The problem with drawing in colour in pen and ink is rather similar to the situation with coloured pencils. Large areas take so many G strokes of the nib to fill them that inevitably there is a large amount
T of white paper left showing through, and this tends to produce more
N of a tint than a solid colour. Other problems are building up tones
S sufficiently densely to hold the form and taking care that marks
R aren't so strong they dominate. Pen and ink drawings are never quick
T to produce although this does have the advantage of allowing you to
® be more careful in building up your picture. Some people love the medium while others try it only once. See how you get on.
In these two drawings - one in pencil and the other in paint - I have used David Hockney as my inspiration. Here, the multitude of overlaid reddish tones give some idea of the man's strong rubicund complexion. The hair and the shirt are not too difficult, although the shirt in the original is much stronger in colour. Hundreds of pen strokes are needed to build the colour, so you will need patience. You will also need a fair amount of confidence, because it is impossible to remove the pen strokes once they have been made.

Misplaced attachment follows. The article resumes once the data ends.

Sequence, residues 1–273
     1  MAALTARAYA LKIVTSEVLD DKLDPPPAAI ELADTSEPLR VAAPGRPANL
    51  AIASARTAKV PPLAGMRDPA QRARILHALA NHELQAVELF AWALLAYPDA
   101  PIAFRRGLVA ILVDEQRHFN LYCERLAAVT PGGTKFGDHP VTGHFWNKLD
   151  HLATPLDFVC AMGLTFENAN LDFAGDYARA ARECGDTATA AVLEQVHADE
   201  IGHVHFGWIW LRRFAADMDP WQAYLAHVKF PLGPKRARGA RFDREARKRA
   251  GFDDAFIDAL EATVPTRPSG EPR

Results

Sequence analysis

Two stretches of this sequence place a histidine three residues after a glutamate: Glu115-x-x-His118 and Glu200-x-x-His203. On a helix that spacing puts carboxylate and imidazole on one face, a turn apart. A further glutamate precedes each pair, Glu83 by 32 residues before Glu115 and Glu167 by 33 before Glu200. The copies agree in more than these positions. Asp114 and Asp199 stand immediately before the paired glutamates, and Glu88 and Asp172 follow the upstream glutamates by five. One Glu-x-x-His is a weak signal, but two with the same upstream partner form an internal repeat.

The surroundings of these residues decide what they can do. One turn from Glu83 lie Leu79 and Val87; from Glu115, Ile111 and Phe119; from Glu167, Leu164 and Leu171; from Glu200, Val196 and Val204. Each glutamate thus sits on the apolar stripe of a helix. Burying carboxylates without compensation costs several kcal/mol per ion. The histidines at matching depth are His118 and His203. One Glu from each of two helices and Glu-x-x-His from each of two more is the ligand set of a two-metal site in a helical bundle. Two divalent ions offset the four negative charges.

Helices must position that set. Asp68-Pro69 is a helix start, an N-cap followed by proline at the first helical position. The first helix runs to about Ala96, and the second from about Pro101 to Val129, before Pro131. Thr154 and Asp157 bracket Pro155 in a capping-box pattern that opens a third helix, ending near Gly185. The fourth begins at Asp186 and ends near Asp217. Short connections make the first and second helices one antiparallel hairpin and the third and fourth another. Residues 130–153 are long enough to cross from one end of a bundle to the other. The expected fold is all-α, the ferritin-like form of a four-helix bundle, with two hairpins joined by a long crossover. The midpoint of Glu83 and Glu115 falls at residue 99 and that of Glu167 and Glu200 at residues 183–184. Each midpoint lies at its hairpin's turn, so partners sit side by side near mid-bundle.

The face of the girl was harder to get right tonally because the pink complexion of the original was quite delicate. This version looks both stronger and deeper in tone. The small broken strokes are better for reproducing a less intense colour but even then, as you can see, it remains quite strong.
In this study of Florence, based on a work by Oskar Kokoschka, the tones and colours are built up by a mixture of small and large strokes, many of them packed quite closely to give an effect of solid roofs and walls. You will have to overlay your marks several times in order to get the tonal qualities you need, and each time you do that, try to vary the direction of your strokes.
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